Hive Ransomware

Hive ransomwareThe FBI and U.S. Cybersecurity and Infrastructure Security Agency (CISA) released an alert on the increased impact of Hive ransomware on businesses. “As of November 2022, Hive ransomware actors have victimized over 1,300 companies worldwide, receiving approximately US$100 million in ransom payments, according to FBI information.” from CISA alert. The attackers use Hive ransomware as a ransomware-as-a-service (RaaS) model and target a wide range of industries, from government and critical infrastructure to communication and manufacturing. However, the group targets Healthcare and Public Health (HPH) businesses by a large margin over all other sectors.

The group uses various attack vectors to infiltrate business networks. Investigation into the ransomware group has shown Hive gained access through remote desktop applications and virtual private networks (VPNs) with single-factor and multi-factor authentication (MFA) logins. The group also used traditional phishing emails with malicious logins to install malware. After gaining access, the group tried to cover its tracks by terminating processes related to backup and antivirus. They also deleted system logs that could help the company realize they have been infected.

The ransomware price is negotiated on the dark web, and criminals demand payment in Bitcoin. Hive actors also threaten to publish stolen data or reinfect business networks if the victim refuses to pay the ransom. “Hive actors have been known to reinfect—with either Hive ransomware or another ransomware variant—the networks of victim organizations who have restored their network without making a ransom payment.” from CISA alert.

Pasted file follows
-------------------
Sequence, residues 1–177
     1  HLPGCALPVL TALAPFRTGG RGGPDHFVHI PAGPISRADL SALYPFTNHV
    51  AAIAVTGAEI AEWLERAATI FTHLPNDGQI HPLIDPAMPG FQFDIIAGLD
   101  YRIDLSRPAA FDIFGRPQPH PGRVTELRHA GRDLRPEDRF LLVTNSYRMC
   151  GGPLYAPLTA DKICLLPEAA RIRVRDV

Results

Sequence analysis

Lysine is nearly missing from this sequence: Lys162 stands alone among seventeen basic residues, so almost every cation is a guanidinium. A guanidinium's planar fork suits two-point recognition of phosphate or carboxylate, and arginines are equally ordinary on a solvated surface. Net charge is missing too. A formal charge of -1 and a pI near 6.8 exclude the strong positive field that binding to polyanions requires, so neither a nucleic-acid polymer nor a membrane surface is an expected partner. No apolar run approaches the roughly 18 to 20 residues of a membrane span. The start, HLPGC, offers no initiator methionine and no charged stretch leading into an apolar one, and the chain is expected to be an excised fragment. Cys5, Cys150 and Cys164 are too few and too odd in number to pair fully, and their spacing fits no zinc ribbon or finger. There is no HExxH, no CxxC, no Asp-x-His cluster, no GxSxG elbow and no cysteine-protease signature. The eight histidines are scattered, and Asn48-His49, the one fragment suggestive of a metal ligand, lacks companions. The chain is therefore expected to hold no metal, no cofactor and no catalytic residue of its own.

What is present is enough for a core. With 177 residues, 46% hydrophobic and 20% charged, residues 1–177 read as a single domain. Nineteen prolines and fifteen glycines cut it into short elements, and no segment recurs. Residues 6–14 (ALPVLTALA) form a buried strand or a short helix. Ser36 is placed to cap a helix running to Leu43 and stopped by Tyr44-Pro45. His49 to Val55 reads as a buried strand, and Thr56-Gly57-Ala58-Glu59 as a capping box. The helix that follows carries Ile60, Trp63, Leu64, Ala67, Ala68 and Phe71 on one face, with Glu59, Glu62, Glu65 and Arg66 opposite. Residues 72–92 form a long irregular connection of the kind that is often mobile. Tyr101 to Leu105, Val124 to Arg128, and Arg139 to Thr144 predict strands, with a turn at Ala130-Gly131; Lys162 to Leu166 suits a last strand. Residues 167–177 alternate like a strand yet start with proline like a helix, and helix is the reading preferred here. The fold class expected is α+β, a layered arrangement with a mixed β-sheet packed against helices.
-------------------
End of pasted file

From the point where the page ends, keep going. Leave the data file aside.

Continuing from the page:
The healthcare and public health sector was the leading industry targeted by ransomware in 2021 by a large margin. Financial services came in second with about one-third the number of attacks as healthcare. The healthcare sector is a favorite target for hackers because of the inconsistency of cybersecurity across the industry. Additionally, healthcare facilities store highly sensitive and personal data, so the probability of payment is higher when the criminal threatens to publish the data.

The alert listed several mitigations and preparations for a cyber incident, including monitoring external remote connections and implementing a recovery plan. Read the complete alert here.

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Posted by Charles Wright